The Essential 401k Step-By-Step Retirement Guide

step by step 401k retirement guide
“Your 401k could be your ticket to retirement. It’s worth your time to figure out how to use it.”
— Derive Wealth

Essential 401k Retirement Guide

Your 401k can be your gateway to retirement.  It can also be a gateway to extreme frustration. 

There are terms you have never heard before (asset allocation?) and decisions you have never had to make (salary deferral?)

Throwing up your hands and just laughing it off is one way to deal with it. 

But it doesn't have to be that way.  Your retirement is too important to leave to chance.  Follow this essential 401k retirement guide and never feel frustrated again.



Well, from the IRS tax code 401k, it states.....(snooze button.)

Here is what you need to know.  The government wants you to retire at some point.  But there is a certain way they would prefer you do it:

On your own.

The government would prefer not to have to take care of you during retirement (remember, social security was never meant to be your full retirement income, although many use it that way.)

So if you were in their shoes, how would you convince the working population to save for their own retirement?

Tax breaks.

Simply provide tax incentives to help the working population save for retirement.  In a nutshell, that's all a 401k is. 



A 401k works by taking money you would usually spend today and saves it for your future.  It is a simple trade off to forgo enjoyment of your paycheck today so one day you can create your own paycheck using your 401k savings.

It is a modern day piggy bank.

401k Savings

By taking a portion of your salary and setting it aside in your 401k, you hope one day you can use those savings to retire.

Contributing To Your 401k

Do it yourself guide 401k

Mr. Newbie, Manager of Marketing
- Age: 30
Salary: $72,000
- 401k Contribution: 10% of his salary


Meet Mr. Newbie, our first time 401k participant.  His first decision was deciding on how much to save.  



Your contribution type is simply how you want to fund your 401k.  To keep things easy with your payroll department, you are usually given two options:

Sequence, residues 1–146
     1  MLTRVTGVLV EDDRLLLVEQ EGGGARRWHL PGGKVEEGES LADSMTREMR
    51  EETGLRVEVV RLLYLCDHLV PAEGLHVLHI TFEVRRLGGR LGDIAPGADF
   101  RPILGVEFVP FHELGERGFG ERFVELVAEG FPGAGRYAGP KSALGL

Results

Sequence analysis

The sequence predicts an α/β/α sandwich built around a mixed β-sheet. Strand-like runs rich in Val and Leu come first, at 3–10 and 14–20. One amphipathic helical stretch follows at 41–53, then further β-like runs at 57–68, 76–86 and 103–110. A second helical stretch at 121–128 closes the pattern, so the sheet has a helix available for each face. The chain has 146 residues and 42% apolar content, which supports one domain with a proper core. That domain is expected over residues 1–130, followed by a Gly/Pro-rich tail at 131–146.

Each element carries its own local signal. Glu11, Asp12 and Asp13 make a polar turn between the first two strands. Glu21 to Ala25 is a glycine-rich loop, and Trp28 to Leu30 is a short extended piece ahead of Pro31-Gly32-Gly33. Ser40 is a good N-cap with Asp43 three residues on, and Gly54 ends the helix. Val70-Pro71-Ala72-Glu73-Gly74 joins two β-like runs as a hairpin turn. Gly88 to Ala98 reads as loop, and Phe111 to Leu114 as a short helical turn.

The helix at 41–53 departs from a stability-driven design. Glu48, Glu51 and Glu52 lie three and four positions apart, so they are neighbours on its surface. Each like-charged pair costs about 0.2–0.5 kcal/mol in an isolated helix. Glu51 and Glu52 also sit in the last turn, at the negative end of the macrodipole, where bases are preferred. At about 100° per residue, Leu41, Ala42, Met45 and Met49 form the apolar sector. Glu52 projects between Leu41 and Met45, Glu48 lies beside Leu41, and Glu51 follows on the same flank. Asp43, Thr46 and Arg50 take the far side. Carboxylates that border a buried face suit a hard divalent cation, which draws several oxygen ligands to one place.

- Percentage Based: A set percentage taken out of your paycheck (ex: 5%, 10%)
- Dollar Amount: A specific dollar amount taken out of your paycheck (ex. $100, $200)

Percentage based is the most common method.  It is easy to understand and also "flexes" with any fluctuations you may have in income. 

Percentage Based Example

Paycheck #1
Amount: $3,000
Contribution (10%): $300

Paycheck #2
Amount: $3,500
Contribution (10%): $350

Paycheck #3
Amount: $2,000
Contribution (10%): $200

As your income fluctuates with each paycheck, so does your 401k contributions using the percentage based method.  

Dollar Amount Example

Paycheck #1
Amount: $3,000
Contribution (fixed): $300

Paycheck #2
Amount: $3,500
Contribution (fixed): $300

Paycheck #3
Amount: $2,000
Contribution (fixed): $300

Dollar amount is usually used if you are looking to contribute a set amount.  You may want to contribute exactly $5k or $10k per year.  In this case, dollar amount would be your best bet.



This is the most important decision you will make.  How much you decide to contribute can have a direct correlation to when you retire.

This is also the toughest question to answer.  How in the world are you supposed to know how much you need to save? (hint: I can help you answer that question)

The most common method I see is budget based.  Simply you contribute an amount that fits into your budget. 

I'm a big believer in what I call a save first budget.  You start your budget by what you need to save, then mold your remaining expenses around your savings.  I know this is extremely hard to accomplish, but one of the best ways to stay on track for retirement.

To level the playing field, lets assume you select the percentage based contribution type.  Use the following as a guide:

How Much To Save (% of your salary)

Beginner: 1 - 3%
Intermediate: 3 - 7%
Advanced: 7 - 15%
Expert: 15% - 25%

It is completely fine to start at the beginner level and move up slowly.  That is exactly how the real world works.  Don't judge yourself on the labels. It may take years to move up to the next level.